Tommasi Le Rosse Pinot Grigio 2018
Try pairing with light appetizers, soups and fish. Great wine to serve by the glass.
Tommasi Viticoltori (Tommasi Vintners) is a family viticultural company founded in 1902. Tommasi is located in Pedemonte village in the heart of Valpolicella Classico region, on a small piece of land in the northwest part of Verona, between the Lessini mountains and their plains near Lake Garda.
From grandfather Giacomo's tiny vineyard, the Tommasi estate has grown steadily over the course of years and today extends over 135 hectares of vineyards blessed by mother nature not only by a magnificent landscape, but more importantly, by its perfect suitability for grapes. The estate is run by the 4th generation of the Tommasi family, 6 members working together in complete harmony
Producing every style of wine and with great success, the Veneto is one of the most multi-faceted wine regions of Italy.
Veneto's appellation called Valpolicella (meaning “valley of cellars” in Italian) is a series of north to south valleys and is the source of the region’s best red wine with the same name. Valpolicella—the wine—is juicy, spicy, tart and packed full of red cherry flavors. Corvina makes up the backbone of the blend with Rondinella, Molinara, Croatina and others playing supporting roles. Amarone, a dry red, and Recioto, a sweet wine, follow the same blending patterns but are made from grapes left to dry for a few months before pressing. The drying process results in intense, full-bodied, heady and often, quite cerebral wines.
Soave, based on the indigenous Garganega grape, is the famous white here—made ultra popular in the 1970s at a time when quantity was more important than quality. Today one can find great values on whites from Soave, making it a perfect choice as an everyday sipper! But the more recent local, increased focus on low yields and high quality winemaking in the original Soave zone, now called Soave Classico, gives the real gems of the area. A fine Soave Classico will exhibit a round palate full of flavors such as ripe pear, yellow peach, melon or orange zest and have smoky and floral aromas and a sapid, fresh, mineral-driven finish.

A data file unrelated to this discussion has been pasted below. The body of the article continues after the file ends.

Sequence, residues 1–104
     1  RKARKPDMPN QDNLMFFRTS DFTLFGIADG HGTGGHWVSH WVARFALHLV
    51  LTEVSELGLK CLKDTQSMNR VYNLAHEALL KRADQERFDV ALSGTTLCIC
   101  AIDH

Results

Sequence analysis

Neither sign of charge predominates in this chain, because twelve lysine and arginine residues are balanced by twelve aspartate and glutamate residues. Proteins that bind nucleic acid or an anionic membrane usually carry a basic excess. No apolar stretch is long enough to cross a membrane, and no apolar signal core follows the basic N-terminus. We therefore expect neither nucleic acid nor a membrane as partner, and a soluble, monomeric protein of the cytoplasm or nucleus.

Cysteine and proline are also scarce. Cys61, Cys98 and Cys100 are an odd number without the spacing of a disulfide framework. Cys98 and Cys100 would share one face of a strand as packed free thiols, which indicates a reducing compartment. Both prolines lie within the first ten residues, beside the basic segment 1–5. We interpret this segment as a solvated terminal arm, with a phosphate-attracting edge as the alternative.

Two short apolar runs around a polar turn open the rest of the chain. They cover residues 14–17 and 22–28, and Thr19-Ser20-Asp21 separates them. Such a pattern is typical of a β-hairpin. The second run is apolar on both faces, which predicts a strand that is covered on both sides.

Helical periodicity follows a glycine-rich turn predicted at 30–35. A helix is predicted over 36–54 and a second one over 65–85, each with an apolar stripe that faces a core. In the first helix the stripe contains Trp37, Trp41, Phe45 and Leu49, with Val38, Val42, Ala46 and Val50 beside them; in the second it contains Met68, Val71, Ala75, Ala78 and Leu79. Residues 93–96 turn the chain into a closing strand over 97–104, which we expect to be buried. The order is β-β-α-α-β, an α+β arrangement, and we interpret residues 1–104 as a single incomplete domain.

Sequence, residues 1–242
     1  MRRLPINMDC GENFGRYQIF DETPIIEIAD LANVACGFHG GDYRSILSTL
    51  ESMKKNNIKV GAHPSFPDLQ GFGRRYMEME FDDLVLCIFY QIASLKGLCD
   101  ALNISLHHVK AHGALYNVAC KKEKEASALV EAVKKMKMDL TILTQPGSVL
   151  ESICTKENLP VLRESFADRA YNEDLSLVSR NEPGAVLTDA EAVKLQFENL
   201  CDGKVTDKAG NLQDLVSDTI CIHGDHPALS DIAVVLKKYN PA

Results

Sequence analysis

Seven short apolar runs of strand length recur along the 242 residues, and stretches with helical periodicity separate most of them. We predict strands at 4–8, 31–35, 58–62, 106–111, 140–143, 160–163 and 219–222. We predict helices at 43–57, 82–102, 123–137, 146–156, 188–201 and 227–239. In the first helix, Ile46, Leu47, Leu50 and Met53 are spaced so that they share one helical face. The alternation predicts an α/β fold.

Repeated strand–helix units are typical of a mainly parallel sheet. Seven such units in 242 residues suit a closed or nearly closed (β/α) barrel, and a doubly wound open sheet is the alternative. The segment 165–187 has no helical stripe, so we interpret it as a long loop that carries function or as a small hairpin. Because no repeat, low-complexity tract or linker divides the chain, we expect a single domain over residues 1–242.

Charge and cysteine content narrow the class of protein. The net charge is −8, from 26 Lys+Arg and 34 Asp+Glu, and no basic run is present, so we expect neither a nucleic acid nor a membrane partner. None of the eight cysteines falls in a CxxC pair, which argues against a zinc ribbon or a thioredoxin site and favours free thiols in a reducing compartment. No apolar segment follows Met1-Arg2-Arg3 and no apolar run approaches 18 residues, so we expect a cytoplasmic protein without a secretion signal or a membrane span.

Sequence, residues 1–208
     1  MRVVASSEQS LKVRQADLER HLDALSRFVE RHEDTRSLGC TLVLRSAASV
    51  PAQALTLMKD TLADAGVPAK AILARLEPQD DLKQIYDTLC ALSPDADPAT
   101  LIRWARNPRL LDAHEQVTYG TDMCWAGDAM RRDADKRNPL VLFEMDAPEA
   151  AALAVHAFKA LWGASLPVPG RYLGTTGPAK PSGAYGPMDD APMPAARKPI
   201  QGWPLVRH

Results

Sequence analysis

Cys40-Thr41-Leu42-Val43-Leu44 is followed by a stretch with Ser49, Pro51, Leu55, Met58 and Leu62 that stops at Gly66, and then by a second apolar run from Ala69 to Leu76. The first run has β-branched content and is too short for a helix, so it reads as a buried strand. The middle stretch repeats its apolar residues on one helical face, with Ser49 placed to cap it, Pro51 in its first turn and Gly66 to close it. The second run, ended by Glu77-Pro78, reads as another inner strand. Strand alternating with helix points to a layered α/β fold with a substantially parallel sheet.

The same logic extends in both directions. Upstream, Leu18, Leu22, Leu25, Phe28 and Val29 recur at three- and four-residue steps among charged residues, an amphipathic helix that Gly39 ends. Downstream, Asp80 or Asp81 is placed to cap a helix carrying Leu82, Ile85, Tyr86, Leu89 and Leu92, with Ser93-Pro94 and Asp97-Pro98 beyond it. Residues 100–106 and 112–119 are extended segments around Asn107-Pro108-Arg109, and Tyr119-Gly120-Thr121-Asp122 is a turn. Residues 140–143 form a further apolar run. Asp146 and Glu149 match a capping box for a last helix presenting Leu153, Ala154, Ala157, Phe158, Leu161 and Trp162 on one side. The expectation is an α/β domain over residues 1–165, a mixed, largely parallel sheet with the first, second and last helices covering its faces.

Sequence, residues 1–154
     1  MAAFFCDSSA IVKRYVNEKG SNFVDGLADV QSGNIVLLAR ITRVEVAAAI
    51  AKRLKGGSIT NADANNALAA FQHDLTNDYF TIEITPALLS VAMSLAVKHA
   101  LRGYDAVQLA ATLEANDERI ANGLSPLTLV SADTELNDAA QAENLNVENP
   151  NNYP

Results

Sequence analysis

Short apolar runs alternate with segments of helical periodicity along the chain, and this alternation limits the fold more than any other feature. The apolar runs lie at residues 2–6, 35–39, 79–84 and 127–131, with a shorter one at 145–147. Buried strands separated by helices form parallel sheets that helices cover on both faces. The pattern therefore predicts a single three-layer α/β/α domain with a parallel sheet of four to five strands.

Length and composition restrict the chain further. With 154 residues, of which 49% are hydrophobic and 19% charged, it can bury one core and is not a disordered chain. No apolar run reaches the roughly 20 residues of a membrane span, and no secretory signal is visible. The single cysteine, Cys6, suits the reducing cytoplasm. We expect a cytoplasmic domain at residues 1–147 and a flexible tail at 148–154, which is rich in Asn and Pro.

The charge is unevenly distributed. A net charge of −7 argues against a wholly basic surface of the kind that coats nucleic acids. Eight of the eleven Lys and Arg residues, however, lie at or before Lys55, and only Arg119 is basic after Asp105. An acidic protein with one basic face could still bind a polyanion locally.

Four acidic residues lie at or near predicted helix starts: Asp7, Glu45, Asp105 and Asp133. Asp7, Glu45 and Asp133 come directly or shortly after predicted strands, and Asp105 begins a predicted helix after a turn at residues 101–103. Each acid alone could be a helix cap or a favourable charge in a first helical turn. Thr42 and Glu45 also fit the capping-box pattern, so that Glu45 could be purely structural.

Showing a unique rosy, purplish hue upon full ripeness, this “white” variety is actually born out of a mutation of Pinot Noir. The grape boasts two versions of its name, as well as two generally distinct styles. In Italy, Pinot Grigio achieves most success in the mountainous regions of Trentino and Alto Adige as well as in the neighboring Friuli—all in Italy’s northeast. France's Alsace and Oregon's Willamette Valley produce some of the world's most well-regarded Pinot Gris wine. California produces both styles with success.
Tasting Notes for Pinot Grigio
Pinot Grigio is a dry, white wine naturally low in acidity. Pinot Grigio wines showcase signature flavors and aromas of stone fruit, citrus, honeysuckle, pear and almond. Alsatian styles are aromatic (think rose and honey), richly textured and sometimes relatively higher in alcohol compared to their Italian counterpart. As Pinot Grigio in Italy, the style is often light and charming.
Perfect Food Pairings for Pinot Grigio
The viscosity of a typical Alsatian Pinot Gris allows it to fit in harmoniously with the region's rich foods like pork, charcuterie and foie gras. Pinot Grigio, on the other hand, with its citrusy freshness, works well as an aperitif wine or with seafood and subtle chicken dishes.
Sommelier Secrets for Pinot Grigio
Given the pinkish color of its berries and aromatic potential if cared for to fully ripen, the Pinot Grigio variety is actually one that is commonly used to make "orange wines." An orange wine is a white wine made in the red wine method, i.e. with fermentation on its skins. This process leads to a wine with more ephemeral aromas, complexity on the palate and a pleasant, light orange hue.